You can watch the Transit of Mercury today, 9th May, but make sure you take precautions – you should never look directly at the sun with the naked eye. Your equipment must special filters – which have been approved – fitted onto them, says the Royal Astronomical Society (RAS).
Looking directly at the Sun is extremely dangerous, and can result in permanent damage to the retina, and even blindness, the RAS warns.
The transit of Mercury, which occurs thirteen to fourteen times every century, happens when our Solar System’s smallest planet passes directly between the Earth and the Sun. Mercury is also the nearest planet in our Solar System to the Sun.
Transit of Mercury. Times are UT (Universal Time), which means the same as GMT (Greenwich Mean Time). According to the Arthur C Clarke Institute: “The telescope must be suitably equipped with adequate filtration to ensure safe solar viewing. The visual and photographic requirements for the transit are identical to those for observing sunspots and partial solar eclipses.”
Transit of Mercury different from solar eclipse
The transit of Mercury is not the same as when the Moon passes between the Earth and the Sun and day turns into night for some people on Earth.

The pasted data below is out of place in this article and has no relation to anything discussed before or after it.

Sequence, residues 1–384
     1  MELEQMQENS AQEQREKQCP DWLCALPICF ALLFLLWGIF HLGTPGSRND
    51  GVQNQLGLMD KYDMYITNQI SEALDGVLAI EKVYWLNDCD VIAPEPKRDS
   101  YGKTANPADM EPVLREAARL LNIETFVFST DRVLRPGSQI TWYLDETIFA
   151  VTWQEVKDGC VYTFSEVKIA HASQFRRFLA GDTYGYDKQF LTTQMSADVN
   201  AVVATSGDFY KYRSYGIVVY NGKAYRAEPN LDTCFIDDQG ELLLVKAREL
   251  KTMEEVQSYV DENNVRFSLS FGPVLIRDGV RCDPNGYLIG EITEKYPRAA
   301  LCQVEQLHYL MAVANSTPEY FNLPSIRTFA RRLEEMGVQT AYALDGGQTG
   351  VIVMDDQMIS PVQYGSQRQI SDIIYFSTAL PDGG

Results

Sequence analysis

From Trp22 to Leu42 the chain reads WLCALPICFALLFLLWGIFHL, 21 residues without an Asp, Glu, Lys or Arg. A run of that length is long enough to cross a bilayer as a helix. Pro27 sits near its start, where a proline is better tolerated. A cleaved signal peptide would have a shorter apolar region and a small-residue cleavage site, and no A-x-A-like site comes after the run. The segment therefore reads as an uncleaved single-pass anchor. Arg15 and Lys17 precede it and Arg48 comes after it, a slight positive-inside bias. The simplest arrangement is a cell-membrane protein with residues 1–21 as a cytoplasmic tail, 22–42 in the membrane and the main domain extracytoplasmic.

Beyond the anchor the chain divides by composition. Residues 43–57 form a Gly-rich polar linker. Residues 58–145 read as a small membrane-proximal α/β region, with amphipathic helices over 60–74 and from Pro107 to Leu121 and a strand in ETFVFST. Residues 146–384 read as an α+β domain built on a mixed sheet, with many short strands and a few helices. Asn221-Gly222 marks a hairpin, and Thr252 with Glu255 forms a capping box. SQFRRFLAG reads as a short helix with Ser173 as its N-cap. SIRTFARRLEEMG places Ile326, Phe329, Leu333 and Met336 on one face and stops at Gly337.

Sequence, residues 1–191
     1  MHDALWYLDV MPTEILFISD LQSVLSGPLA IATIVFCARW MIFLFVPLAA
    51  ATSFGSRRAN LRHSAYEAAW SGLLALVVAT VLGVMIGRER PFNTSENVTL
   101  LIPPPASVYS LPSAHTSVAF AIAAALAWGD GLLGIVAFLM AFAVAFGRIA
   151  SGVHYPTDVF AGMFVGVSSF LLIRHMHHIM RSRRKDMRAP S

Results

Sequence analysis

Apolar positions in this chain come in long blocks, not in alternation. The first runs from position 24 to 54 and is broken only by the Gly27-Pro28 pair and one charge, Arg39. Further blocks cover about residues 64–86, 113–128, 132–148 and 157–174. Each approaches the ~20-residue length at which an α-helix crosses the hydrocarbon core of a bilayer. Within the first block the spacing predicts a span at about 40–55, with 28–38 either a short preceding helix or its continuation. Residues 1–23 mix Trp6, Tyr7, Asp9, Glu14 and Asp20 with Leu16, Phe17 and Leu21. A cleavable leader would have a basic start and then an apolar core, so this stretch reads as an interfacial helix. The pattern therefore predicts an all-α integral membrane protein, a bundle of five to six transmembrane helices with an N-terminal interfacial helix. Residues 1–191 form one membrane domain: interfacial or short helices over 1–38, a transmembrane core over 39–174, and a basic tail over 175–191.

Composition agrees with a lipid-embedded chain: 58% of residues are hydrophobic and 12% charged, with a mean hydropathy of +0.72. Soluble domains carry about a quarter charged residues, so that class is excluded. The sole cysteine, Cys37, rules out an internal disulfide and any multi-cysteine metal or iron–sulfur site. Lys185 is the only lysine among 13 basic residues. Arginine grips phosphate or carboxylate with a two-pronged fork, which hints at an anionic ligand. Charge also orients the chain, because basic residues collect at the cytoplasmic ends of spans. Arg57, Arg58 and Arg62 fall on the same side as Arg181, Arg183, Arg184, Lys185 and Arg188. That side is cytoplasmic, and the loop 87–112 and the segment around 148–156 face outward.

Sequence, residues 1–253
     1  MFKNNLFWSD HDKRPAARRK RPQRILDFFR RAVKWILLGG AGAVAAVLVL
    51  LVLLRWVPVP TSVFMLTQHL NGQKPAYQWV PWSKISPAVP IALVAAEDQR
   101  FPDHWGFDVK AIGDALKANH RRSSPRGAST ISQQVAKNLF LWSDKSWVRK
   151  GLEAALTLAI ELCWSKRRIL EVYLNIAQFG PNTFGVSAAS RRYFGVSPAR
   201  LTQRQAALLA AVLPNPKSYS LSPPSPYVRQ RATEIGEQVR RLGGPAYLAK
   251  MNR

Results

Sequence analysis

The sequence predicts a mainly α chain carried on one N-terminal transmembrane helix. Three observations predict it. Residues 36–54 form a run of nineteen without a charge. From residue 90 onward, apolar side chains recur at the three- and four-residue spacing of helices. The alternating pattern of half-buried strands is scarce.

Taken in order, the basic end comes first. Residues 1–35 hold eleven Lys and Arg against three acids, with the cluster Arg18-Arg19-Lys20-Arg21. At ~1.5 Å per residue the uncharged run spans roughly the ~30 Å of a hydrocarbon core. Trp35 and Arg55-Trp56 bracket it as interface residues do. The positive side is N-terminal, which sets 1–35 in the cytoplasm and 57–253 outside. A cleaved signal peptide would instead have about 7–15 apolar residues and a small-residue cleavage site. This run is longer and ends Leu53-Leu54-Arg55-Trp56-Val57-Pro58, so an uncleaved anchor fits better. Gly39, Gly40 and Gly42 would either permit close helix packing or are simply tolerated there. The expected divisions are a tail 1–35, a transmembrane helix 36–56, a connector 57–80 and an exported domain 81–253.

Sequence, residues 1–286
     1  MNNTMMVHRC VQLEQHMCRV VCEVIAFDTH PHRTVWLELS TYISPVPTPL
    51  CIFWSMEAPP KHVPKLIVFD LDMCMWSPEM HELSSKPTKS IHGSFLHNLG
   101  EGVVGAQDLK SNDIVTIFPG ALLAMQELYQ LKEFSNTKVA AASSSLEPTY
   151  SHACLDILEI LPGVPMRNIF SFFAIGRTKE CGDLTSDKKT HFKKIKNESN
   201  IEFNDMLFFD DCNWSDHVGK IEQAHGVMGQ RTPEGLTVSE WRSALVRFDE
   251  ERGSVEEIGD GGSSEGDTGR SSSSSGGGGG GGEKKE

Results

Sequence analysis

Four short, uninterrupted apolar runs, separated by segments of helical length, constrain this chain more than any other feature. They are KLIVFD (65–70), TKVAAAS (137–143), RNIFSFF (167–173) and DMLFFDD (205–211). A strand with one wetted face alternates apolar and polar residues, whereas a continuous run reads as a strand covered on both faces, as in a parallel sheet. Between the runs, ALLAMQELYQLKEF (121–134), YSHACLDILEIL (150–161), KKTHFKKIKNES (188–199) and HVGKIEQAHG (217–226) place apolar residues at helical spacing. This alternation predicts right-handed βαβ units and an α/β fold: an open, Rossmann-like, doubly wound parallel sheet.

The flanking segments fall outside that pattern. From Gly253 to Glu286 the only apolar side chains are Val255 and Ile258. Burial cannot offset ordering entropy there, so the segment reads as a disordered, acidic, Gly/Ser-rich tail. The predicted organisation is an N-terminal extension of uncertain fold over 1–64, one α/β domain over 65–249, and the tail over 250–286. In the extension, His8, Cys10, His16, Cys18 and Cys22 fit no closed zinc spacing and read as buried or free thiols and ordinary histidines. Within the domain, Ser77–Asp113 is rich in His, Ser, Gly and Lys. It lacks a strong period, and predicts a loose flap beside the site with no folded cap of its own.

Mercury is a very small planet, which is much further from the Earth than the Moon. When it passes directly in front of the Sun it appears just as a minuscule dot. During the transit you will not notice any difference in the amount of daylight around you.
The transit of Mercury – a rare occurrence
Every one hundred years there are only 13-to-14 transits – the last one happened in 2006, while the last such event observable in the UK occurred in 2003. After today’s, the next one will take place in 2019, and the one after that in 2032.
There are organised public events – to observe the transit of Mercury – in many parts of the world today, says the Royal Astronomical Society.